Up 8:45; Ten minute walk to El Barco Marisco on Daniel's block at Cortez and Ashland. On the way home last night, Daniel checked opening hours with the staff. But at 9:15 the two of us are standing outside in the cold. Eventually the owner drives up, apologizes for oversleeping, pleads that the weekend crowd kept her working past 3 a.m.
Although it's not on the menu (this is mostly a lunch and dinner place), the waitress brings us two orders of huevos rancheros.
Between 1968 and 1970, Allison Knowles ordered the same lunch at the same diner in New York City: "A tunafish sandwich on whole wheat toast, butter no mayo, and a cup of buttermilk or soup of the day" (from the pamphlet, Identical Lunch).
Daniel and Jennifer have settled on a font: Meta. Not so fancy as Monaco, not so nostalgic as Courier, which Daniel and I once used for the logo in Critical Ecologies. Courier, everyone knows, is the classic typewriter font; Monaco is one of the first fonts designed purely for the screen. Meta, a font devised in the 90's, is entirely for printing.
Entering copy into Microsoft Word, the closest I can get to the probable look of the printed text is Arial.
Where, I ask, does the work go? In the years that I've known him, Daniel has not missed a day, but there's never an accumulation of tape art in his apartment. What's your idea of its life outside the studio?
In every instance, in the first place, whether it's mail art or a tape sculpture, Daniel imagines the work going into the mailbox. He avoids the post office counter, where he has to explain that it's art. Some postal workers are trained in its handling, some not. He doesn't mind if his objects get scarred. He rarely uses a return address. When the piece makes it through to an address bearing official stamps and chance marks, that counts as approval, in his estimation. He does not check to see whether the piece has arrived, or in what condition. "Approval" comes from outside, impersonally, from the material world and its powerful systems of communication and transportation. Why seek the approval of a community of artists or specialists? Their judgement has already been internalized, in his working thoughts, in friendships, and in visits to galleries and museums.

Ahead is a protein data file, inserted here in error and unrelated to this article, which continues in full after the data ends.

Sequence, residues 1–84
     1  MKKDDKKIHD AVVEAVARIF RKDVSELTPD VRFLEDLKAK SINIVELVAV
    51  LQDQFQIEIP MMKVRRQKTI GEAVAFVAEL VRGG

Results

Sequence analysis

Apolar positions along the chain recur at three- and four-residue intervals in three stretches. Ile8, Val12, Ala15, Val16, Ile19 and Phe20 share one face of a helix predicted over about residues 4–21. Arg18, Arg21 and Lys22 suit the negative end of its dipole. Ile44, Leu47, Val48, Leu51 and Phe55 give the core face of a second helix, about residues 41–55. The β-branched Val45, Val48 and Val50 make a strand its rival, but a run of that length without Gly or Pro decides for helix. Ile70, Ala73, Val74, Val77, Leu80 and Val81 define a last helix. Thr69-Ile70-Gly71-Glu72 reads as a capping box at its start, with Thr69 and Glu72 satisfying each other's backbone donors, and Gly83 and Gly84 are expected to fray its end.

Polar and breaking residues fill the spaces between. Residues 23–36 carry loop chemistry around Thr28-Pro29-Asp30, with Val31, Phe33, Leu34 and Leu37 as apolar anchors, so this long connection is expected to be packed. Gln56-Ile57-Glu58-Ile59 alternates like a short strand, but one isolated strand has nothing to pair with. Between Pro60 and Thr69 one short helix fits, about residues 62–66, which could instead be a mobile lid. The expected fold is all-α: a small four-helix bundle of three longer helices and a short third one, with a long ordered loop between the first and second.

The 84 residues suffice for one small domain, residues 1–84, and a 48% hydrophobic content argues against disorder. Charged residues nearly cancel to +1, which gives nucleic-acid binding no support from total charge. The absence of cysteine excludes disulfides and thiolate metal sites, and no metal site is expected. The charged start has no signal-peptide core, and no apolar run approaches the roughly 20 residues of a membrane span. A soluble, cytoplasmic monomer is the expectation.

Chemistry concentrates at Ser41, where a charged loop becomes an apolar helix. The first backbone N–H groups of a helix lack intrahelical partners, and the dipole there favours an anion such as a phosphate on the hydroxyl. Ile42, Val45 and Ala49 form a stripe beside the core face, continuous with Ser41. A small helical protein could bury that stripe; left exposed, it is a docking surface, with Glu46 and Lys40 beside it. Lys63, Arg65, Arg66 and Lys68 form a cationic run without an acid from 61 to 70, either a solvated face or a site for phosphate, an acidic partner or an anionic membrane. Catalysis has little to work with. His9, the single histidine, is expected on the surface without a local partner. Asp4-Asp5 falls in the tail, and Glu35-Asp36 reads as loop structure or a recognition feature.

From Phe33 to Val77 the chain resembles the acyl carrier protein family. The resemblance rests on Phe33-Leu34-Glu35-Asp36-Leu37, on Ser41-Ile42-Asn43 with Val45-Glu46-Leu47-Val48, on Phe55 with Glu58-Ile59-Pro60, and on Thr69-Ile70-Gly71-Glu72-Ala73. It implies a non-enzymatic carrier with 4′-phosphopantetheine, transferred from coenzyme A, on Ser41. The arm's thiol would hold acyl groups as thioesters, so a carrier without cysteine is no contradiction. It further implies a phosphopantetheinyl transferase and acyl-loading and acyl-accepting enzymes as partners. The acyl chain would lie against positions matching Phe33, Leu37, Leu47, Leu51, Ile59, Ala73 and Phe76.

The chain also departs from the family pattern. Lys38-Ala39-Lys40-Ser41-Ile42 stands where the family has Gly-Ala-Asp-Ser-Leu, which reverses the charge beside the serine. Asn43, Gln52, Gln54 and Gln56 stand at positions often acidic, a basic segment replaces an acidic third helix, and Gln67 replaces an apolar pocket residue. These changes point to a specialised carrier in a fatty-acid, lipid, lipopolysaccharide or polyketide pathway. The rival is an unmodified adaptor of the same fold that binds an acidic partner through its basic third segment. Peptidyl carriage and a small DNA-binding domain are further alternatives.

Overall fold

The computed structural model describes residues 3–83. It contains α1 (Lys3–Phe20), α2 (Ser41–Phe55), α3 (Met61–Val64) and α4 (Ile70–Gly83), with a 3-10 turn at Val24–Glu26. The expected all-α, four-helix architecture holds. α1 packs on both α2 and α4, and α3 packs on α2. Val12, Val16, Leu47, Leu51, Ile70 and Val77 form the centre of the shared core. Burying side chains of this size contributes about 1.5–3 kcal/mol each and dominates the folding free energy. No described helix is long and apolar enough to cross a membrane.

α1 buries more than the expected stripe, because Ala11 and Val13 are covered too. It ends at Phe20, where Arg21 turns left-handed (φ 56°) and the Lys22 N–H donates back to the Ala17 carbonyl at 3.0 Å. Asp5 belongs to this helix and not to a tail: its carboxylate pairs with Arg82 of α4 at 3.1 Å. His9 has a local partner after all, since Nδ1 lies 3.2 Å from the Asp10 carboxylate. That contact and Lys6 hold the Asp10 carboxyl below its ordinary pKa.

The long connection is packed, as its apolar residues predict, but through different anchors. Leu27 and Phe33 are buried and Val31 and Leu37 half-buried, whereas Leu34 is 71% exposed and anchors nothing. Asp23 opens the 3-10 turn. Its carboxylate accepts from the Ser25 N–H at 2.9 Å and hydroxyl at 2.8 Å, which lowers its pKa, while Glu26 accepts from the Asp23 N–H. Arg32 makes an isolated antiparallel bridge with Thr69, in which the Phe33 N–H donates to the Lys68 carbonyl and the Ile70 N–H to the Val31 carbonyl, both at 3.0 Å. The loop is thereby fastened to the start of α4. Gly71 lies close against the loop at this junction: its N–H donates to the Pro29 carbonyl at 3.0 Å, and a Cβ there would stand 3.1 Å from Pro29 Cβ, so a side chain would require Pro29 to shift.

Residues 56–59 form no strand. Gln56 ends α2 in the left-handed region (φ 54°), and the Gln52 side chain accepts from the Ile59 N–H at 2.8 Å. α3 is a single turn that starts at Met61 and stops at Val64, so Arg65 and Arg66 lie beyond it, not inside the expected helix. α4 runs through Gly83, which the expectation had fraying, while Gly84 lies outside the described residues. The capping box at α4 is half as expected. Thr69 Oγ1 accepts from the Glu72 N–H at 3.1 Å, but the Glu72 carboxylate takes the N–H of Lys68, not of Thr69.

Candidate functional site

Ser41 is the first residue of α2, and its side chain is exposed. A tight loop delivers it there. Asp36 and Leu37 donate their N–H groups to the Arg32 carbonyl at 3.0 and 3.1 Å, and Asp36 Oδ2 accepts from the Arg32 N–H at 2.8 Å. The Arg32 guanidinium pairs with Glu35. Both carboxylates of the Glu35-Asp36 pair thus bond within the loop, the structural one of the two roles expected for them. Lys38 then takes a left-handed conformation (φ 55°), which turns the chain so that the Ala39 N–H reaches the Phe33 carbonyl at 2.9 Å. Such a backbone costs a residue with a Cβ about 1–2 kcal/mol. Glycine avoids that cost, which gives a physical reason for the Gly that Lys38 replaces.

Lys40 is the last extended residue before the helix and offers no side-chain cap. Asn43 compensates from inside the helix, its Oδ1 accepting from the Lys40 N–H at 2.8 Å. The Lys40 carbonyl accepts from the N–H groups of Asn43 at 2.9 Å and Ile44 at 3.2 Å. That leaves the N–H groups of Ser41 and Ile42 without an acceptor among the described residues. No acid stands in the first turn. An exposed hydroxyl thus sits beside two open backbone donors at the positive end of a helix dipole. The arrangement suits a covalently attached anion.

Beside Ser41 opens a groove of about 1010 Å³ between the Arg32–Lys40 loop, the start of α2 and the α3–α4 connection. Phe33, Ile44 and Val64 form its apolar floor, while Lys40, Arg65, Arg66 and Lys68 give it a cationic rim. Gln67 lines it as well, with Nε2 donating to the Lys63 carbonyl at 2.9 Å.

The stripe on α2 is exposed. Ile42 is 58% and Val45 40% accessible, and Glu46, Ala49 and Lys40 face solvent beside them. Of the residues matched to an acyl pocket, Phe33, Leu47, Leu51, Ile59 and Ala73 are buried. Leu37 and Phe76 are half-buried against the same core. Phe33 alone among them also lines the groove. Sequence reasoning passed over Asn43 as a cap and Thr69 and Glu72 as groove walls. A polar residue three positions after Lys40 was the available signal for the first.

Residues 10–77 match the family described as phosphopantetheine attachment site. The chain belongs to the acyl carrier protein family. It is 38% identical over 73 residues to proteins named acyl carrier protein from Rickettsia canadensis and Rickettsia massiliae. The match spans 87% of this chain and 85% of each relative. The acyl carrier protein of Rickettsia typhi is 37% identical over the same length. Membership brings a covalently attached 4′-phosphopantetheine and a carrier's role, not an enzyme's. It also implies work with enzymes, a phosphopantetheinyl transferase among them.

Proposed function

Every day On Kawara stamped a postcard with the hour and minute when he awoke. He would send telegraphs daily, each one with the same message: "I am still alive."
A letter today from Bill Wilson in New York, an art critic by profession. He met Daniel by my introduction, after a roadtrip through the Alleghenies and on to the city, in July of '96. Wilson asks how the "book" is coming?– taking Daniel down a peg for presuming to reject the standard catalogue format. Wilson's response to last year's invitation was non-committal. In the spirit of Daniel's project, it was written on 3/4" labeling tape. The text emerges from the used-up dispenser:
FOUND FOUND FOUND FOUND FOUND
message length: 58"
In today's letter, Wilson wonders if Daniel's art can serve as a model for qualities to look for in experience. That Daniel uses tape, and risks sending taped objects through the postal system where they can be scratched, may be taken as a model for how one is to adventure through systems indifferent to our individual surfaces.
We pick up nine shark steaks at the new Home of Seafood, next to Aronda's on Ashland and Division. $22.50. Daniel will broil eight of them for guests this evening, after a day's work with Jennifer. I'll have mine over the weekend, after I put the final touches on an article due Monday.